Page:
Further illustrating the interconnectedness of the Toronto music scene, Raven-Hill had recently broken up with Judy Cade, now girlfriend of and backup singer for Cockburn. There were apparently no hard feelings, as the two continued to work together - on Evidence and later when Raven-Hill put together the Cockburn tribute album Kick at the Darkness, issued on his own Intrepid label.
Toronto's Manta Sound was booked for late June 1981 to start the Sibbles sessions. This made it an easy segue for Cockburn and band, who had just finished recording Inner City Front the same month there. Manta was a familiar home, as Cockburn's previous few albums had also been tracked at Manta, so the band basically just kept on going for the Evidence songs.
The resulting album is an upbeat collection of pop and soul-flavored reggae. The sound is very "of a type" with Cockburn's albums Inner City Front and The Trouble with Normal (recorded at Manta the following year). While his basic band appears on all tracks, Cockburn appears on four: "I'm Thankful", "Let Music", "Talk to Me", and "I Love You", where he delivers an especially lyrical guitar solo. Elsewhere, Hugh Marsh's electric violin adds a texture not commonly heard in reggae, pushing the music into new waters.
Evidence is unusual as well for the range of additional musicians who appeared on the album. On backing vocals Sibbles was joined by Murray McLauchlan (yet another True North artist), tragic Hungarian/Canadian pop-punk singer BB Gabor, Colleen Peterson (who had been part of the group 3's A Crowd with Cockburn in 1969 and had her own successful career as a country singer), and vocalist Louise Lambert, who also co-owned the tour bus company that Cockburn used. Lambert, who is now a voice and piano teacher in Maui, recalls "It was great fun singing Leroy's songs in the studio," and comments about her co-singers, "I loved Colleen's body of work, and we all played some of the same venues."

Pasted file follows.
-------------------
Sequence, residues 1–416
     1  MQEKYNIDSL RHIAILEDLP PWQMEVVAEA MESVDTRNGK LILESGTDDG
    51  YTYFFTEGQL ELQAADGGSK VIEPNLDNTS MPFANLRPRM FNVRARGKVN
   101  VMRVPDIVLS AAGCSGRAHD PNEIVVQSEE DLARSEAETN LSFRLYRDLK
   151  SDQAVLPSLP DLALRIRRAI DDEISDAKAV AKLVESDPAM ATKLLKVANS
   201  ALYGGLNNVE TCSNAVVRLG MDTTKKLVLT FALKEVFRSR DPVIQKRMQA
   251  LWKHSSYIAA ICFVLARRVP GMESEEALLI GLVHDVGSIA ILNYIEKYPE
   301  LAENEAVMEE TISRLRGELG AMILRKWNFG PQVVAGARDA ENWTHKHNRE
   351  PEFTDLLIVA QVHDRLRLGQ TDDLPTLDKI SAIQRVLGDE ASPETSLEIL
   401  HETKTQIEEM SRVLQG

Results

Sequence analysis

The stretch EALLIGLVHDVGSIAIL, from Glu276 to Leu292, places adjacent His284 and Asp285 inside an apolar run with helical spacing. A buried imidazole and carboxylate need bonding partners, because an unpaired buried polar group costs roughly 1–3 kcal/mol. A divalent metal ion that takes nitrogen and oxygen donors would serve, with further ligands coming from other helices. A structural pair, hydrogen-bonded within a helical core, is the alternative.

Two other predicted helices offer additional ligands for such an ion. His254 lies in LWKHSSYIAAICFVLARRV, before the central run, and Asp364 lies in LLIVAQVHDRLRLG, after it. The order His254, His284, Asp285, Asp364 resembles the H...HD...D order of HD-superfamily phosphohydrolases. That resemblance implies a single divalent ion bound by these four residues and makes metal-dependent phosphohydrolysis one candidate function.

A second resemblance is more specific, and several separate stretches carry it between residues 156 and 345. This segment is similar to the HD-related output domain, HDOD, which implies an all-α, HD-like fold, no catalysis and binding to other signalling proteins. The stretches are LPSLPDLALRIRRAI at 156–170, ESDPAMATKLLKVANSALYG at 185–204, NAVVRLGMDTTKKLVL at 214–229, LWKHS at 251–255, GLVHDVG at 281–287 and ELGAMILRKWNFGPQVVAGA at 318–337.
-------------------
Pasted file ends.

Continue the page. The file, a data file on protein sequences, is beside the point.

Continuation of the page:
Bruce Cockburn - Inner City Front
Fleshing out the instrumental side of things were guitarist David Bendeth, who would later sign Cowboy Junkies and the Crash Test Dummies to record deals when he worked for BMG Music; Dave McMorrow, who had just joined Canadian new wave outfit Rough Trade, known for their controversial hit "High School Confidential"; and Peter Follett, who went on to become a multi-instrumentalist in the New Age field, on additional guitars. According to Bart Schoales, eccentric funk star Bootsy Collins was on the scene as well, playing pinball at the studio while recording took place, though he doesn't appear on any tracks, unfortunately.
Most of the songs are Sibbles originals, with the exception of the 1958 Little Willie John R&B and pop hit "Talk to Me", a smooth soul version of Marvin Gaye's "Let's Get It On" and Paul Simon's "Richard Corey", one of the few overtly political/socially conscious songs. The title song, musically the most straight-ahead reggae track on the record, carries a bleak message about the state of the world, proclaiming that the planet's wars, pollution, and economic woes are bound to get worse. Sibbles sings "it's gonna be dreader than dread"; in other words, that everything's going to hell and it's going to get pretty dreadful. Though the collection ends with this lyrically downbeat song, positivity and happiness are the overriding themes of the rest and the album is, overall, one of Sibbles' most widely accessible efforts.